LKY : Therefore, I advise you to find some way, get your NGO supporters, to discharge you from your bankruptcy, then you would be able to campaign against us.
CSJ : Mr Lee, how do I campaign against you when at every turn of the way, you put a stop to it? One way that I can campaign is through the media. You control it. One way that I can campaign is to get down to the street and talk to voters. You arrest me. One way that I can campaign is through my party's newspaper. You sue us. Tell me, apart from using this word "campaign" in the most frivolous, the most egregious of manner, how do we campaign when you, sitting in the Istana, makes sure opposition parties can never, never compete on an equal footing?
LKY : In no country is it the duty of the government to build the opposition. And the fact that opposition leaders can get elected, re-elected and re-elected, despite very riogorous campaigning against them by leaders of the PAP, proves that they know when they decide that they want this man, they will vote for him.
CSJ : I'm not asking you to build up the opposition -
LKY : I am suggesting to Dr Chee that if he follows the constitutional route, with his eloquence, if he can establish credibility with his eloquence, he has a better chance than Mr Low Thia Kiang or Mr Chiam See Tong. But if he has got no credibility, and the proceedings in the last two days would not have been unnoticed, the press is here, public is here. You have come and try to degrade the proceedings, you have come to make an abuse of the processes of this court. The judge is in charge. The judge knows you can appeal against her judgements. The judge can given you all the opportunities to tie yourself up. That is my reading of what is going on in this court.
CSJ : You see, Mr Lee, the opposition has never made the case that you as the ruling party -
Judge : Mr Chee.
CSJ : He has made a point, your honour, and I like to respond. And that is that - you see, your honour.
Singh : (inaudible) it fails on all grounds of cross-examination, on irrelevance that really, we've past I think a long time ago, I think just as the cross-examination started, your honour.
CSJ : Would you agree - I move on to my next question, your honour.
Singh : He's got an answer now and so he cannot challenge that answer.
CSJ : Would you agree, Mr Lee - are you saying, you telling the courts right now that the government has not hampered the opposition in any way?
Judge : Mr Chee, I do not wish to hear that line of questioning any more -
CSJ : Your honour, I'm just trying to make this point -
Judge : It is totally irrelevant. What I have to decide on -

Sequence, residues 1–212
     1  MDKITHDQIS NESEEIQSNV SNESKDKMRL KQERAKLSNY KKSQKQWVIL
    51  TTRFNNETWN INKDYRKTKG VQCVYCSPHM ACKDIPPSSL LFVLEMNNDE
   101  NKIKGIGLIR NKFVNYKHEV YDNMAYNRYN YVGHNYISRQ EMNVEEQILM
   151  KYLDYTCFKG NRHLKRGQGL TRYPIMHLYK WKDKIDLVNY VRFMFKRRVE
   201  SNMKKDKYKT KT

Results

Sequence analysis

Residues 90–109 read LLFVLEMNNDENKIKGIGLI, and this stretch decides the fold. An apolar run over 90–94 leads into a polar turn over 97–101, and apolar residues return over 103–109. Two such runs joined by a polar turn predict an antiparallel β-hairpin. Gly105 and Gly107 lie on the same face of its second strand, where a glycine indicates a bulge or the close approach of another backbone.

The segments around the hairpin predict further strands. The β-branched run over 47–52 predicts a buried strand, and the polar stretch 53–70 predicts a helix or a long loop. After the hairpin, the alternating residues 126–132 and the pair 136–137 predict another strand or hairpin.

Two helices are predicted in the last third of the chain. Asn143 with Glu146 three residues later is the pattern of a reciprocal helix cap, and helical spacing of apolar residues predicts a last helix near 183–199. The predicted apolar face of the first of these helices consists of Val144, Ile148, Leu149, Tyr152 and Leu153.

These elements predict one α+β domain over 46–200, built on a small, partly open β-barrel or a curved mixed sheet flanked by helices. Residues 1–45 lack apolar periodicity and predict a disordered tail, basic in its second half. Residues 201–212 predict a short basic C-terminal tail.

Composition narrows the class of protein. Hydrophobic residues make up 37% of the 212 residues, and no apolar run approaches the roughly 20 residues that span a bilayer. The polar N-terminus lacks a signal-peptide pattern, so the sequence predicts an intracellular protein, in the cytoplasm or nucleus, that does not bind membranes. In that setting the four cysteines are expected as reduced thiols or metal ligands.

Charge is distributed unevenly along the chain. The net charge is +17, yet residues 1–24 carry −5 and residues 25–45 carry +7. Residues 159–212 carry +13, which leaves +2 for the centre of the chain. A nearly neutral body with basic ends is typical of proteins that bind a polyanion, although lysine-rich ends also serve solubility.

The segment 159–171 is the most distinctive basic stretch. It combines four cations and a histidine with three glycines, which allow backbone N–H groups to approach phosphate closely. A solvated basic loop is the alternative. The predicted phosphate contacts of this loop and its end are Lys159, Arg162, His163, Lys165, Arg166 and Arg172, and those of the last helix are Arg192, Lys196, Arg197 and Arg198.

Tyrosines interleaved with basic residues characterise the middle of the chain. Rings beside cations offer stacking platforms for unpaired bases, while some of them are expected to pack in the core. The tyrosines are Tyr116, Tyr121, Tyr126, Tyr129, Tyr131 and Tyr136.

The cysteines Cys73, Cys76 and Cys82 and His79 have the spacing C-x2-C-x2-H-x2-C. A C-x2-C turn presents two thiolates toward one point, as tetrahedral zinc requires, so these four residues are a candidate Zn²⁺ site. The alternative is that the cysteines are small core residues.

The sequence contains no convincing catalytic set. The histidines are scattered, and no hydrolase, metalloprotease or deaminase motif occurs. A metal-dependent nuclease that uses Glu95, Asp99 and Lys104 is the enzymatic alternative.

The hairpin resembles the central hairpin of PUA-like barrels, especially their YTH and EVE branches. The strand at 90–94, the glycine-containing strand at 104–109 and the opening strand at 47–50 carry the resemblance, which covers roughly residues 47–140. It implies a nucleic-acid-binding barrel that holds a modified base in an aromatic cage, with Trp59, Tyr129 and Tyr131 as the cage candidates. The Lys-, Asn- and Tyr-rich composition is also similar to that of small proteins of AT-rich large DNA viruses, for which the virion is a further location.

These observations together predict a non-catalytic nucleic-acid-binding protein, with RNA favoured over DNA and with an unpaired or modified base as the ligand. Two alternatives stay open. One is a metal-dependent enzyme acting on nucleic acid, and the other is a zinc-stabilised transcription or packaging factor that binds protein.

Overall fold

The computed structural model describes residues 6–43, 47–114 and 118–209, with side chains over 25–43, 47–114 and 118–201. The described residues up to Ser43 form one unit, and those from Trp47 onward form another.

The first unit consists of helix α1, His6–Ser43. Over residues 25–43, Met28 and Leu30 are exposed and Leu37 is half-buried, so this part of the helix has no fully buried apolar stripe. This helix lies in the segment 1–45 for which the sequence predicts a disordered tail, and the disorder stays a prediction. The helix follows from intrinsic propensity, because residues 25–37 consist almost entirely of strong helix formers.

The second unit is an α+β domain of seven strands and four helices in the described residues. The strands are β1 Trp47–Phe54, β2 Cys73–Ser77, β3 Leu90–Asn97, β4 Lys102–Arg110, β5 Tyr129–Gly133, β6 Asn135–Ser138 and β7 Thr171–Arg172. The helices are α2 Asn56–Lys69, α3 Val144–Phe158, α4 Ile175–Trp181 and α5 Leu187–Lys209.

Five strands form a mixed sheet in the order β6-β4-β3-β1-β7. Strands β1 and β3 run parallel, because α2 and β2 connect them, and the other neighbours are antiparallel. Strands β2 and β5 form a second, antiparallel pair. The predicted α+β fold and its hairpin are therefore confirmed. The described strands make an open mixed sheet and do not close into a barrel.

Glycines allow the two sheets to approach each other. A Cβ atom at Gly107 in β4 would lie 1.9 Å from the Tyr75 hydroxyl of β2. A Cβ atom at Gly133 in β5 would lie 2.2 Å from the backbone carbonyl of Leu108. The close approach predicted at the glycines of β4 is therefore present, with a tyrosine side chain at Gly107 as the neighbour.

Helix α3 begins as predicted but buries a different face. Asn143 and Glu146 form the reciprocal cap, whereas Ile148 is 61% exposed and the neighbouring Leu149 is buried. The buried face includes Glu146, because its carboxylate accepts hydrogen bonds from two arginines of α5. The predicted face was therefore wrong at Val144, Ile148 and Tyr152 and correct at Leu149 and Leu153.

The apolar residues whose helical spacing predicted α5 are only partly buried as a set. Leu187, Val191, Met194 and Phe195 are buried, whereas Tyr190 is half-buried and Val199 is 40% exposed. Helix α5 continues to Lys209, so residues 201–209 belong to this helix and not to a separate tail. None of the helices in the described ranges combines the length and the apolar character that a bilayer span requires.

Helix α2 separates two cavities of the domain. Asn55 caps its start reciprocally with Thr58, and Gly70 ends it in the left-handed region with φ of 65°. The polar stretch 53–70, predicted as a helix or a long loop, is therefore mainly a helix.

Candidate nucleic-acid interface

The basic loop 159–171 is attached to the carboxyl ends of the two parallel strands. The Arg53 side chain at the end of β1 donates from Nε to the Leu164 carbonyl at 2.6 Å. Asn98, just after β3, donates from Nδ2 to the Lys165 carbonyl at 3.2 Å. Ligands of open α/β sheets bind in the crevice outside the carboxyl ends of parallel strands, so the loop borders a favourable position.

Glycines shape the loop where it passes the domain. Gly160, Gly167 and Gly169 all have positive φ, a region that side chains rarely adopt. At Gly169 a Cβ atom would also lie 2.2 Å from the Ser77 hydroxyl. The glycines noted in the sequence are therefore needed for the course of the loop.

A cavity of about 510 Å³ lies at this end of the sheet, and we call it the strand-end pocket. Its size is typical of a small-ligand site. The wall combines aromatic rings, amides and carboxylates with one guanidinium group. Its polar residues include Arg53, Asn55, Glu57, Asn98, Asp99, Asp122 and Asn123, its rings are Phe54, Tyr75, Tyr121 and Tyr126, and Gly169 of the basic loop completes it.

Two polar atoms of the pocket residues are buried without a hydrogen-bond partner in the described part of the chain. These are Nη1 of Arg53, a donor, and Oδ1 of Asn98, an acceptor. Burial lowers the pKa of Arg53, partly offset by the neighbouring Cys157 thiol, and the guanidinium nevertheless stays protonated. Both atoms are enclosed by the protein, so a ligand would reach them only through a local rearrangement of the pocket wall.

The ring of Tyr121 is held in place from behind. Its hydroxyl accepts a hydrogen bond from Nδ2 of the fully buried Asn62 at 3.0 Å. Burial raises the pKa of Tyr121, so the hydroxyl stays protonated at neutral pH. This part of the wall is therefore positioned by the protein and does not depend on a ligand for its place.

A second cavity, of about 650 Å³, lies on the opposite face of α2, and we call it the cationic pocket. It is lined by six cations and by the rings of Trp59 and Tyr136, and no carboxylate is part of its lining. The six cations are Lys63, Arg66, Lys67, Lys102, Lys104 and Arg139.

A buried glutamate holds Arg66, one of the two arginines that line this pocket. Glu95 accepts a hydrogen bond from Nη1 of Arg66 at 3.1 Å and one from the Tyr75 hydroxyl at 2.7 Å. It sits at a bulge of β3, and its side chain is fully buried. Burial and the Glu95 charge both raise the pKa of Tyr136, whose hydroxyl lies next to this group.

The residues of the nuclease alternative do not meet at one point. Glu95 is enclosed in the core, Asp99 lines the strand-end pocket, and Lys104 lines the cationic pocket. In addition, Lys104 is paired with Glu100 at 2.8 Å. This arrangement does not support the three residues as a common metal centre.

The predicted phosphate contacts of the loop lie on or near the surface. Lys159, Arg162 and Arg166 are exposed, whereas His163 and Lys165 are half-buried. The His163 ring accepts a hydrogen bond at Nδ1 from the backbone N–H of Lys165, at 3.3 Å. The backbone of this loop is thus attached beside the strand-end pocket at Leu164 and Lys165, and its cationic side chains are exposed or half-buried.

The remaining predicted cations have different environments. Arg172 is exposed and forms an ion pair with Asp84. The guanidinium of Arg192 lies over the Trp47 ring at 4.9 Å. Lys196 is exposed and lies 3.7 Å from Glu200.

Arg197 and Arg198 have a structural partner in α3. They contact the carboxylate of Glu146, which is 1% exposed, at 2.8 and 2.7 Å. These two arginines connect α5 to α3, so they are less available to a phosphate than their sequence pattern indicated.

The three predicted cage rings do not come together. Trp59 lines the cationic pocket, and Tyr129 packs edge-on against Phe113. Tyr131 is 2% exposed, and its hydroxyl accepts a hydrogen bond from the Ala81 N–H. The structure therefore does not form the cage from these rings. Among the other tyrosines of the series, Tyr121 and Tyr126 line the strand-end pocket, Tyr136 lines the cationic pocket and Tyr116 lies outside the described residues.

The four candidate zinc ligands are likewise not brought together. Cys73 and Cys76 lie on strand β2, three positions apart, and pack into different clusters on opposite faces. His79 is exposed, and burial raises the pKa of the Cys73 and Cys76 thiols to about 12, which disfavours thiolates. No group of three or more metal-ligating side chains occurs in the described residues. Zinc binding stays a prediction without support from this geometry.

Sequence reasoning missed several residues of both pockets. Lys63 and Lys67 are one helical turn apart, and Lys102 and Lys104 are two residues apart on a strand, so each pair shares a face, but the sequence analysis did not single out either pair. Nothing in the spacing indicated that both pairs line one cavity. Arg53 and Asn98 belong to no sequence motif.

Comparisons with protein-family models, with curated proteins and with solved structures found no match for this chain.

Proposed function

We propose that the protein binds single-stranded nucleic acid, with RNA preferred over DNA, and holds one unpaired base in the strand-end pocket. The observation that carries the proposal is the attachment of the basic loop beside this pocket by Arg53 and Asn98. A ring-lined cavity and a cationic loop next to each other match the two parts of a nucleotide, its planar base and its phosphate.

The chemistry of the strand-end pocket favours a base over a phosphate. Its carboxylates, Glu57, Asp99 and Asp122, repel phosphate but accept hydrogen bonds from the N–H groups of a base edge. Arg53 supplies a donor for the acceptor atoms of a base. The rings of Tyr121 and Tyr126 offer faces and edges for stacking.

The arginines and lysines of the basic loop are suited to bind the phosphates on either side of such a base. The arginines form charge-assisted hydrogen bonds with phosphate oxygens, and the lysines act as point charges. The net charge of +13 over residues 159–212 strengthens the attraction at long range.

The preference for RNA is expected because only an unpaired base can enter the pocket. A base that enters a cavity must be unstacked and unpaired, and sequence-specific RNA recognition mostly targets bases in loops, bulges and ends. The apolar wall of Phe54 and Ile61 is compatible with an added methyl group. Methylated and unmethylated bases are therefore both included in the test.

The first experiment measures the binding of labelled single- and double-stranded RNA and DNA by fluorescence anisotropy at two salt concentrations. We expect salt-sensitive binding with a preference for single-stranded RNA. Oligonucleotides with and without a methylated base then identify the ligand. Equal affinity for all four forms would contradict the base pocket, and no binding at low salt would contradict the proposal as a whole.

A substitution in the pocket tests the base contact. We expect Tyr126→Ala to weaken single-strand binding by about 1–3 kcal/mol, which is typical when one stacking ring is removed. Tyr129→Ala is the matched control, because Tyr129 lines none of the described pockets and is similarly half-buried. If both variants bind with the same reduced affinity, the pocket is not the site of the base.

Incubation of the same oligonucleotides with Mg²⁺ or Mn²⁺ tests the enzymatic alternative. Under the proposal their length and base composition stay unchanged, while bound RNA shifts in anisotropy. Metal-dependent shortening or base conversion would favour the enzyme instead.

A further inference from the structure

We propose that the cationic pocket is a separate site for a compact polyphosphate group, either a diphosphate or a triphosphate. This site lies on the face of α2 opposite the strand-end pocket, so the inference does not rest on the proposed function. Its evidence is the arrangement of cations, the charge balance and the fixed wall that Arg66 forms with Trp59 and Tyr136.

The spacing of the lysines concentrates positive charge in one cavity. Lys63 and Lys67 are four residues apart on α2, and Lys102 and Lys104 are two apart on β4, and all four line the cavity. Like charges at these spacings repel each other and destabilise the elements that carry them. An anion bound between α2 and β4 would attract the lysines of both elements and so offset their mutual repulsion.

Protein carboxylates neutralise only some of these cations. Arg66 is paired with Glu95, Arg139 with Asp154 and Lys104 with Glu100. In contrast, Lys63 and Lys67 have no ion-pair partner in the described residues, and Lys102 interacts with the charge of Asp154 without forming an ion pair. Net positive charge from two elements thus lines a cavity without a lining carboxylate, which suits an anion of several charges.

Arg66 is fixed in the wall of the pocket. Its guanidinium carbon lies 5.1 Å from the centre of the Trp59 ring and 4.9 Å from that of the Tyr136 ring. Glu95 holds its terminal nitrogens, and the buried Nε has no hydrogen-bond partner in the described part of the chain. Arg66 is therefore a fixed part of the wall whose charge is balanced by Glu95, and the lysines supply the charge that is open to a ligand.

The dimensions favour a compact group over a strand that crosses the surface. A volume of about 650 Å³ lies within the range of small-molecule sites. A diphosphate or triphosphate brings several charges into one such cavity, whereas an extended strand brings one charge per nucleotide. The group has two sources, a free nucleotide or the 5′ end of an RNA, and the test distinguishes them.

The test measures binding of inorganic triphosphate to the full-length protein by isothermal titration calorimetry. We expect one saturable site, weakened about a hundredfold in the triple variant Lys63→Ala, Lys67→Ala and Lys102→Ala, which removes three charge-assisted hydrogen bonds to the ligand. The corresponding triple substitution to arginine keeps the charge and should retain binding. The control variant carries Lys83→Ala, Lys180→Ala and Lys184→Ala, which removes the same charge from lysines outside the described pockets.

CSJ : Yes, your honour. Let me make this point. Mr Lee has brought up -
Judge : One minute more.
CSJ : The point that I am asking -
Judge : You have one minute to ask the last question.
CSJ : The government should make it easy for the opposition and my point is no. All we asking for the government to come to a set of rules -
Judge : Not relevant. I've already said, Dr Chee. If you wish this line of questioning, do it outside my courtroom!
CSJ : Yes, your honour, what I'm trying to tell you is that it goes to his reputation. It's what I'm here for. (inaudible)
Judge : It's completely irrelevant. I have ruled on this. Dr Chee, if you persist -
CSJ : If you believe that if the public was to have a free say in the running of this country -
Singh : Your honour, same objection. You honour has already ruled earlier on the same point. The question is being repeated again and again.
CSJ : No, your honour. It's something - again as I said makes a lot of difference whether Mr Lee - when he says that his reputation is of a certain standard, that he must, he must then have the courage to be able to face reality and not hide behind, take refuge, in a system that has been designed to ensure that the reputation remains up there, regardless of reality.
Singh : That was in the affidavit which was struck out, your honour.
CSJ : Yes, I think Mr Lee has made an attempt to answer. Mr Lee?
LKY : I do not want to waste more of the time of the court that's not relevant to this case but may I add that my reputation has been established over a period of 50 years, 49 years in government, and 4 and a half years as the leader of the opposition.
CSJ : All good?
LKY : It is not for me to say it is all good or bad.
CSJ : Would you agree that it's a mixture of good and bad?
Judge : Dr Chee -
LKY : Will you allow me to - you've asked me for an answer and I am giving it to you but if its not to your liking, I'm sorry, but you will have to hear me out. At the end of the day, my job is done. I've passed power on and I'm just Minister Mentor. I'm a data-bank. I have no purpose then to see that the system which I've set in place continues to the benefit of Singapore, and part of the proceedings, the painful process is to go through this exercise when you have no questions and you're running away from it. Because at the end of the day, it's not just as you pointed out and Mr Ravi as the SDP counsel submitted, it is the wider public. I'm conscious of that. I think sometimes, you are not.
CSJ : If you are talking about the wider public, Mr Lee, then you must also realise that -
Judge : No more questions.
CSJ : The wider public wants you to leave the political stage. Would you agree?
Judge : He's not required to answer.
This marks the end of the of Chee Soon Juan's cross-examination of Lee Kuan Yew. The next next defendent, Chee Siok Chin, was only given 10 minutes to query Lee.
Next in Part Vl, the full transcript of Chee Siok Chin's earlier cross-examination of Lee Hsien Loong. That's a real classic. Do check back.